Do economic fundamentals matter anymore? Part 1 of 3

Do economic fundamentals matter today? We look at the strange market conditions today. We are living in truly interesting times …

Stock Market Valuations

Equities globally have never been more valuable with market capitalization hitting $90 trillion.

Amazon trades at what a Price to Earnings ratio of some 200. Apple is worth some $900 billion. Even Tesla which makes no profit and is unlikely to make any profit any time soon is worth some $55 billion, more than Ford or General Motors.

Netflix is valued at $159 billion (13.6 times revenues of $11.7 billion) with 110 million paid (and 117 million total) subscribers. Netflix trades at a price to earnings ratio of 220. The company expects free cash flow of -$3 to -$4 billion in 2018 (yes, that is negative cash flow). Yet Netflix’s market cap is now greater than Disney’s and Comcast’s.

Don’t mention fundamentals …

Continue reading “Do economic fundamentals matter anymore? Part 1 of 3”

Unemployment in Europe is lowest since 2008 but is still twice that of the United States

The Euro Area unemployment rate was 8.5% in April 2018, down from 8.6% in March 2018 and from 9.2% in April 2017. This is the lowest since December 2008 but still more than double of the US unemployment rate of 3.9% reported in April (the US unemployment rate further fell to 3.8% in May). The EU28 unemployment rate was 7.1% in April 2018, stable compared with March 2018 and down from 7.8% in April 2017. This remains the lowest rate recorded in the EU28 since September 2008.

Data Source: Eurostat (for the European Union and Iceland), State Secretariat for Economic Affairs (for Switzerland), Office for National Statistics (for the United Kingdom)
Data Source: Eurostat (for the European Union and Iceland), State Secretariat for Economic Affairs (for Switzerland), Office for National Statistics (for the United Kingdom)

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Manufacturing is growing in the United States, but it isn’t generating too many jobs

Manufacturing has been in focus recently in the United States with trade tariffs being discussed and the talk of bringing back some manufacturing to the United States.

U.S. manufacturing has been growing but it isn’t generating too many new jobs.

The reasons are simple:

  • Increase in productivity
  • Increase in automation
  • Shift towards higher value goods (like aircrafts or high-end electronics)

Here are some graphs,

Indexed Number of manufacturing jobs vs Indexed manufacturing output (Both indexed to January 2012 = 100)


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Weekly Overview: Deutsche Bank; Italy; US Unemployment

Deutsche Bank

Apparently, the new CEO of Deutsche Bank is “sick and tired of bad news”. Here are some recent events,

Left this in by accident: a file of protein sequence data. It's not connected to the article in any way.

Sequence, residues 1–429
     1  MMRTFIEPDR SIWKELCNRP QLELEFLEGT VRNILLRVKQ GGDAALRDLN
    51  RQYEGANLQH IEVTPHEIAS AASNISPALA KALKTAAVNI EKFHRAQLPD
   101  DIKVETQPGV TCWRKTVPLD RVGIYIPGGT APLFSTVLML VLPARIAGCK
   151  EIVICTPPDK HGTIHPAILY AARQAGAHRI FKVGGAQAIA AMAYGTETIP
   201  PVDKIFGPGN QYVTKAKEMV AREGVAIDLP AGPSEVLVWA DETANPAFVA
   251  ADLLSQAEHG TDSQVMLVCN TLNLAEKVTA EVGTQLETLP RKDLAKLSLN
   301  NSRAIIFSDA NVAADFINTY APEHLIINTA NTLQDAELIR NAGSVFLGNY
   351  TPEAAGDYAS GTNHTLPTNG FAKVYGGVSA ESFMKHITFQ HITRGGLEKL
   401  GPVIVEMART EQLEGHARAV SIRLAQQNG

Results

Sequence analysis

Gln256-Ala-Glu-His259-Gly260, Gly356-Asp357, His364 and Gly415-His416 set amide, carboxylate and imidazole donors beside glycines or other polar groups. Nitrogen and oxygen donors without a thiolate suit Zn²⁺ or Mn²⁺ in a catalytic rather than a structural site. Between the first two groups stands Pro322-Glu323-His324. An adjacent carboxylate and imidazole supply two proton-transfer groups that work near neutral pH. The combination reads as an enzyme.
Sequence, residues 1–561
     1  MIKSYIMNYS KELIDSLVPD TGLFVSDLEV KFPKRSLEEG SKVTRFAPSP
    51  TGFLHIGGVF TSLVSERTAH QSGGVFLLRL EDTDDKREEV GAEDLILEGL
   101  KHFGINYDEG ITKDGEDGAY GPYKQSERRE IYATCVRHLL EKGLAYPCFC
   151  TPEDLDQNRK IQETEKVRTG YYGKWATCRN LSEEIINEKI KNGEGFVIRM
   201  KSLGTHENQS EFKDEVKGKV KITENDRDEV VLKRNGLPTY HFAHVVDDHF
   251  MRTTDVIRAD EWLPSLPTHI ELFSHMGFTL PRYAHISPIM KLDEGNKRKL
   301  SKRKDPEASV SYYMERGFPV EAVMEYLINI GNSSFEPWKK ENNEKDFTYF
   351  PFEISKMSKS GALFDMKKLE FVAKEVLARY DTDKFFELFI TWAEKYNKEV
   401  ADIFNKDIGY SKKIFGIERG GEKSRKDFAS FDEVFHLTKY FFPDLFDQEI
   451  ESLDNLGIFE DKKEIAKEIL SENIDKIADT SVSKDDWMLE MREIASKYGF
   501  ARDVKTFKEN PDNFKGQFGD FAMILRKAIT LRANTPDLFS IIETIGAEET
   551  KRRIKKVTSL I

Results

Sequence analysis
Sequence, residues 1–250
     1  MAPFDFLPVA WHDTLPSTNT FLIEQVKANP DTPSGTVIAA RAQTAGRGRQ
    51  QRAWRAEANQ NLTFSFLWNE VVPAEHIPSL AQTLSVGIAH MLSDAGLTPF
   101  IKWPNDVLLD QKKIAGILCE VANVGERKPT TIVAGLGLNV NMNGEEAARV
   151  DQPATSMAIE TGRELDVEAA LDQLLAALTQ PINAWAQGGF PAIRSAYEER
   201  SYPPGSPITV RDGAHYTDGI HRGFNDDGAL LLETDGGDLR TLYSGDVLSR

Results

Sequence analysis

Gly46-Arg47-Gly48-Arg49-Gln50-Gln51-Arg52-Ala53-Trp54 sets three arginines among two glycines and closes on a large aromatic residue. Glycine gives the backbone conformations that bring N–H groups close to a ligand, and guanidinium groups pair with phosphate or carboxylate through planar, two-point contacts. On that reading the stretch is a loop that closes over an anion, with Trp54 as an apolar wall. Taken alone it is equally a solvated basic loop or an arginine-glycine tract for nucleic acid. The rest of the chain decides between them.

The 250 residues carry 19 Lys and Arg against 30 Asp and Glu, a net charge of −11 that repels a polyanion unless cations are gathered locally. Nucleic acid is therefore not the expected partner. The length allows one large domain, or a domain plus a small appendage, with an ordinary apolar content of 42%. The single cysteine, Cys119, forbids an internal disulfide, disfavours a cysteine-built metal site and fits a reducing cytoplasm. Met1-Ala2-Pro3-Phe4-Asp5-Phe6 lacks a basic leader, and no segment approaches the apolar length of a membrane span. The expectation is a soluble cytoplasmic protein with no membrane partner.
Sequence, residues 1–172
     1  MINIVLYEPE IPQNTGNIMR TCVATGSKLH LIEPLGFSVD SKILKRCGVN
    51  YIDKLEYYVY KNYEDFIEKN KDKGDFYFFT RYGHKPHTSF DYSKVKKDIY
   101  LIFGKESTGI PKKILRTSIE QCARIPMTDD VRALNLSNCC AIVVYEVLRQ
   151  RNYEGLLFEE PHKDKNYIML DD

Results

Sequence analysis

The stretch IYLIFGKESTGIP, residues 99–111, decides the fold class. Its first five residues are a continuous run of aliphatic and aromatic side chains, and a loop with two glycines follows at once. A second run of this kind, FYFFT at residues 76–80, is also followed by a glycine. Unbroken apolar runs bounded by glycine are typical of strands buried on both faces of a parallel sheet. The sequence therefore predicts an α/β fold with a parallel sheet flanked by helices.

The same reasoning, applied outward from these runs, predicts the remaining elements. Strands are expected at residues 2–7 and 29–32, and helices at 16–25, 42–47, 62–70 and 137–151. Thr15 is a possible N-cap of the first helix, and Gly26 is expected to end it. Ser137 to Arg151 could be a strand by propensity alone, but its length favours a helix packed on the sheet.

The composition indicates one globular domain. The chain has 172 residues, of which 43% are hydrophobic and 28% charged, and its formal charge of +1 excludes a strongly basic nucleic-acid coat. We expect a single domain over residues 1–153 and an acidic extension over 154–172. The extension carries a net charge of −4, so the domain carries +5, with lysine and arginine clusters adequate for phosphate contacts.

April 8: Christian Sewing is appointed new CEO of Deutsche Bank.
April 15: The European Central Bank (ECB) asks Deutsche Bank to estimate the cost of winding down its investment bank.
Thursday, May 31: The Financial Times reported that Deutsche Bank’s US subsidiary was added to the Federal Deposit Insurance Corporation’s list of “problem banks,” or those with weaknesses that threaten their financial survival.
Thursday, May 31: Deutsche Bank shares hit an all-time low.
Friday, June 1: Standard & Poor’s cut Deutsche Bank’s credit rating from A- to BBB+. The ratings agency also questioned whether Deutsche Bank’s new CEO Christian Sewing would be able to return the bank to profit.
Friday, June 1: Deutsche Bank is going to face new cartel and criminal charges in Australia.
Friday, June 1: Deutsche Bank shares hit new all-time low.

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Healthcare could soon be the largest expenditure of households in the U.S.

Healthcare could be the largest personal consumption expenditure of households in the U.S. within months exceeding spend on Housing and utilities.

Households in the U.S. are likely to spend some $2.45 trillion this year on healthcare. The spending on healthcare is quickly catching up with the largest expenditure item – Housing and utilities. Here are charts,

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Weekly Overview: The Baltic Dry Index is up 48% over the past month; Argentina seeks IMF bailout; UK House Prices; Brazil 10-year bond tops 10%; Coal prices soaring

Baltic Dry Index

The Baltic Dry Index is a trade indicator that measures shipping prices of major raw materials and is often seen as a global growth indicator.

Over the past month, it has zoomed 48%. It is up 45% over the past year and is up 8% since the start of the year. This despite weaker US, UK and France Q1 2018 GDP growth. The Baltic Dry index generally falls in the first quarter on back of lower trading activity due to the Chinese New Year but this time it hadn’t recovered until very recently.

Here is a chart of the index over the past month,

Continue reading “Weekly Overview: The Baltic Dry Index is up 48% over the past month; Argentina seeks IMF bailout; UK House Prices; Brazil 10-year bond tops 10%; Coal prices soaring”